Oleg Pomnikov, the head of the Religious and Ethnic Affairs Department of the LPR Culture, Sport and Youth Ministry, claimed to sympathise with the Roman Catholic parish of the Nativity of the Blessed Virgin Mary in Luhansk and a smaller parish in Stakhanov [official Ukrainian name Kadiyevka]. The Luhansk parish had registration under the LPR and in November 2022 it was among the religious communities in the LPR whose registration the Russian authorities accepted.
The parishes have had no priest since March 2020, when Fr Grzegorz Rapa left expecting to be able to return. However, LPR officials repeatedly rejected all his and his bishop's attempts to be allowed to return. Fr Rapa, a Polish priest, has served in Luhansk since 1993.
"I'm very sad that they can't resolve their problems," Pomnikov told Forum 18. "Maybe there's a political reason why Fr Grzegorz has not been able to return, I don't know. Maybe he hasn't asked to return. But there is no artificial obstruction."
Forum 18 pointed out that the LPR authorities had repeatedly rejected attempts since 2020 to get permission for Fr Rapa's return. Pomnikov of the LPR Religious and Ethnic Affairs Department insisted that the situation is now different since the LPR's annexation by Russia. "If he wants to return he'll have to apply to the Foreign Ministry of the Russian Federation in accordance with Russian law."
Luhansk: Purge of educational establishment libraries
The LPR Education and Science Ministry has ordered a purge of libraries in educational establishments. On 20 January 2023, in a letter seen by Forum 18, acting minister Yevgeny Miroshnichenko instructed the heads of educational establishments to remove "literature of an extremist nature, expressing the ideology of Ukrainian nationalism" from their libraries.
The LPR had earlier banned various texts as "extremist", including in 2019 an edition of the Gospel of John in the widely-used Russian Synodal translation originally published in 1820.
Miroshnichenko of the LPR Education and Science Ministry supplied a list of 365 books to be removed. He also ordered libraries to remove a wide range of other literature, including anything about the holodomor (the Ukrainian famine in the 1930s caused by Stalin's policies), literature "propagandising European gender 'values'", literature on events in Ukraine since 2014, and all 90 books from Famous Ukrainians, a biographical series aimed at teenagers.
The Famous Ukrainians series includes a book on St Petro Mohyla, a 17th century Orthodox Metropolitan of Kyiv who was known for his educational and publishing activities, and a book on Metropolitan Andrey Sheptytsky. (Metropolitan Sheptytsky headed the Ukrainian Greek Catholic Church until his death in 1944, and protected Jews from the Holocaust at a time when such acts were punishable by death.)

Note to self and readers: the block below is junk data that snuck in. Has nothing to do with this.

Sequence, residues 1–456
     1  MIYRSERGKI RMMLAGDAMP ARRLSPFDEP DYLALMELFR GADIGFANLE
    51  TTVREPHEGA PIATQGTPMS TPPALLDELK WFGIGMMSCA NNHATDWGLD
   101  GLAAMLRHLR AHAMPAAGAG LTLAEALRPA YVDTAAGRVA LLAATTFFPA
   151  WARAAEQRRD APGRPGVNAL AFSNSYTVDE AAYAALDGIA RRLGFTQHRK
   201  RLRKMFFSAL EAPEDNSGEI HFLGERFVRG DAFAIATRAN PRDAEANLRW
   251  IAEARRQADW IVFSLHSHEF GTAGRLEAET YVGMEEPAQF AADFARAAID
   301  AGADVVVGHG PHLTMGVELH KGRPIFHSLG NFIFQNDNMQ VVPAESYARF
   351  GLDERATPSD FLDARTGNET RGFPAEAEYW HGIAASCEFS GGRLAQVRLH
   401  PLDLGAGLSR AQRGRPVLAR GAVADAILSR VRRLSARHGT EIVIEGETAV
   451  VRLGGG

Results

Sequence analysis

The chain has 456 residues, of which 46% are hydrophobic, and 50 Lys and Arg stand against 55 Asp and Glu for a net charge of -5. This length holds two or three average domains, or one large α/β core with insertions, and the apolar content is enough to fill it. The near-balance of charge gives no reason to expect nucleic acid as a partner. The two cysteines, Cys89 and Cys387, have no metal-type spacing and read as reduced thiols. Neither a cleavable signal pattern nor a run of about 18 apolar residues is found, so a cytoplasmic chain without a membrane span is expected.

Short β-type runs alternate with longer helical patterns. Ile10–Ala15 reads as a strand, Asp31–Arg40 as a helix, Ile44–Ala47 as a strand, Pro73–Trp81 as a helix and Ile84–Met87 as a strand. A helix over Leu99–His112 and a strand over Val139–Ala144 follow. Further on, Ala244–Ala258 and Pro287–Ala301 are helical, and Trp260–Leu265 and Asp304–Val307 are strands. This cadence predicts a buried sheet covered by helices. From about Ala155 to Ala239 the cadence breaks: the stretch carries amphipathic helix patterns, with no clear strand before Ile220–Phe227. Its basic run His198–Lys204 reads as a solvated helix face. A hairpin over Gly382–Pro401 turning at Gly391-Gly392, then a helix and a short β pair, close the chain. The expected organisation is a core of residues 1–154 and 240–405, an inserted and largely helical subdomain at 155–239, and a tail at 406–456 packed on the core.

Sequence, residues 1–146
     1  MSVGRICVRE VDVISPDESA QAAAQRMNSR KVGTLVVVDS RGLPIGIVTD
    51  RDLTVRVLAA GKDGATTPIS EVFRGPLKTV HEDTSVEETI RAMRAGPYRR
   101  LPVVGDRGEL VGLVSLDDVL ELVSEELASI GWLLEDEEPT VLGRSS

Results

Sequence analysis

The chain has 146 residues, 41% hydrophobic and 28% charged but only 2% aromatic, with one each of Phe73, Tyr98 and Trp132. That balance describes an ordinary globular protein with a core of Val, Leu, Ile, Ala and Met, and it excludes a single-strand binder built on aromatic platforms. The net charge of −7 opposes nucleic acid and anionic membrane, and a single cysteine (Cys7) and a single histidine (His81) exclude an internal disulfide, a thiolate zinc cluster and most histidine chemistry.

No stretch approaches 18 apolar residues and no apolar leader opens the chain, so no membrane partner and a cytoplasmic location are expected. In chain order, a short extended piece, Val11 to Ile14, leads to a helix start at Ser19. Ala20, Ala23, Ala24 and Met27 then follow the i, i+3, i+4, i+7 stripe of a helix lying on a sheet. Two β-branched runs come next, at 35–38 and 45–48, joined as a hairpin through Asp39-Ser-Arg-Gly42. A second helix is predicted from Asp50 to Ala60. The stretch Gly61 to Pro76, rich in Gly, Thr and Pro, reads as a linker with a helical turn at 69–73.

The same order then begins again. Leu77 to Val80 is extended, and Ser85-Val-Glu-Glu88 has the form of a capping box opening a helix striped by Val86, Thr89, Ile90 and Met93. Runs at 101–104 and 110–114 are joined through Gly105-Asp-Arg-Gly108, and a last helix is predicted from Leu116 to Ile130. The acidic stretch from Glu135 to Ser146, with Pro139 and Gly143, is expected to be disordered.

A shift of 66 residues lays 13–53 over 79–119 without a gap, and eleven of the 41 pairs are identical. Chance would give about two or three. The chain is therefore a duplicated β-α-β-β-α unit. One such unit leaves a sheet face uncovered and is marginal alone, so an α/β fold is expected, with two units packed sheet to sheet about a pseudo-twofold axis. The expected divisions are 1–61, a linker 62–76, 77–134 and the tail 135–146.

The list of "extremist" books to be removed also includes a book on Metropolitan Sheptytsky by the former Soviet prisoner of conscience Myroslav Marynovych. "I believe in God and in Ukraine", by the former Soviet prisoner of conscience and Orthodox Christian Levko Lukyanenko, is also on the "extremist" book list.
Miroshnichenko of the LPR Education and Science Ministry ordered libraries to remove all such "extremist" books and put them in sealed boxes, and report on this to the Ministry by 24 January. Educational establishment heads who failed to do so would bear personal responsibility, he warned.
Yelena Bakhmut, the official who prepared the letter for Miroshnichenko, refused to discuss it. "Put your questions in writing," she told Forum 18 from Luhansk on 2 February. When Forum 18 began asking why books on St Petro Mohyla and Metropolitan Sheptytsky were among those ordered removed from educational institutions libraries, she put the phone down.
The Russian-imposed LPR Culture Minister Dmitry Sidorov told a meeting chaired by Russia's Culture Minister Olga Lyubimova on 20 January that public libraries have already removed "extremist" literature.
Oleg Pomnikov, the head of the Religious and Ethnic Affairs Department of the LPR Culture, Sport and Youth Ministry, defended the removal from libraries of "extremist" books. "Sheptytsky was an active supporter of Nazism and of Ukrainian nationalism," he claimed to Forum 18. "The Greek Catholic Church supported the Banderists." He made no comment about St Petro Mohyla.
Natalya Rastorguyevka, director of the LPR's Gorky Universal Science Library, refused to discuss the removal of works the LPR and Russian government regards as "extremist" from local libraries. "You can argue about this issue for a long time," she told Forum 18 from Luhansk on 1 February. "But any questions must be submitted through the Culture Ministry."
Rastorguyevka refused to say if her library has, for example, removed any religious works on Russia's Federal List of Extremist Materials.
The neighbouring Donetsk People's Republic (DPR) has also conducted such a book purge. In May 2022 the DPR Culture Ministry began a programme of removing from public libraries literature that it regards as "extremist". These included not only books on Ukrainian culture and history and books about Adolf Hitler, but books on "political and religious figures".
Author: Felix Corley
Source: Forum 18